The role of agricultural cooperation in establishment of civilized, i. e. fair market relationships is extremely high. The German experience is indicative in this respect. For instance, in Germany the farmers’ share in retail milk price is around 60% (in Russia this indicator is 25-30% at best).

The practice shows that without the pressure of cooperative sector that contributes to establishment of a certain market balance, it is impossible to form optimal distribution proportions between agriculture and food processing. Surveys of agricultural specialists indicate that the most of them tend to limit government support measures only to financial assistance for agricultural producers. At the same time, the successes of advanced economies in the agrarian sector are associated with the comprehensive nature of the government support of own farmers. For instance, the USA, Canada and other countries provide information, legal, innovation, marketing, insurance and other support to their farmers (in addition to the financial assistance).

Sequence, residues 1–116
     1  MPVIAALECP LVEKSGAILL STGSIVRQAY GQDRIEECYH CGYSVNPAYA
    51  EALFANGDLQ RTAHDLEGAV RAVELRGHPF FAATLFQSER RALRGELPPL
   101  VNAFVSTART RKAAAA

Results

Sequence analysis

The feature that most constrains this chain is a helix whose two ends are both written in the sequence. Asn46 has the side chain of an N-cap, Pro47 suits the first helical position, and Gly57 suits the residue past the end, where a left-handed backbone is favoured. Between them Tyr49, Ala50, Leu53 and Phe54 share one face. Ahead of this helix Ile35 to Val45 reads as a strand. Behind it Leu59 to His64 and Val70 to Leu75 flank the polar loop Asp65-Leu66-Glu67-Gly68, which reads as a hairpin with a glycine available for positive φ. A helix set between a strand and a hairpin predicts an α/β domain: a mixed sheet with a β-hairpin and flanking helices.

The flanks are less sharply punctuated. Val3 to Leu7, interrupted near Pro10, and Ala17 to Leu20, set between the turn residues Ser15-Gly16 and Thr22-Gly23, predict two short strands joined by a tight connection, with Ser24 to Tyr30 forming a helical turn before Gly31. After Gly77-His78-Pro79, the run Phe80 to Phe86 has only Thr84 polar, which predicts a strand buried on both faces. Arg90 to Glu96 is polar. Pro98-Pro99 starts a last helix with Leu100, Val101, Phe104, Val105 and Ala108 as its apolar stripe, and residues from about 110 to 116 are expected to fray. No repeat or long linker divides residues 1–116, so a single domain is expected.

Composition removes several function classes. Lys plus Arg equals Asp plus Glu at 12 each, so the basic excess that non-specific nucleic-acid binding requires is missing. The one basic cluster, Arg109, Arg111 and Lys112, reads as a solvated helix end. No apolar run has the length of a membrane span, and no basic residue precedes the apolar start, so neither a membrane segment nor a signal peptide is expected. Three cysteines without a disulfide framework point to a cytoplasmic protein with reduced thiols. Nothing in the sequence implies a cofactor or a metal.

For example, federal authorities actively promote farmer interests in the foreign markets, finance creation and maintenance of expensive market and social infrastructure facilities required for sustainable operation of agricultural producers.

In the recent years the advanced countries have paid special attention to innovation support of the sector. For instance, in the USA there is the extension system that, like a strong pump, collects, systematizes and disseminates new research and technologies that contribute to modernization of the agricultural sector. The core element of this system is the US Department of Agriculture — one of the largest public bodies. The USDA collects and processes huge amounts of information; considerable part of it is used to enhance farm innovative development. It is the active role of the government that has become one of main drivers of high efficiency and leading positions of the USA in the world agricultural and food market.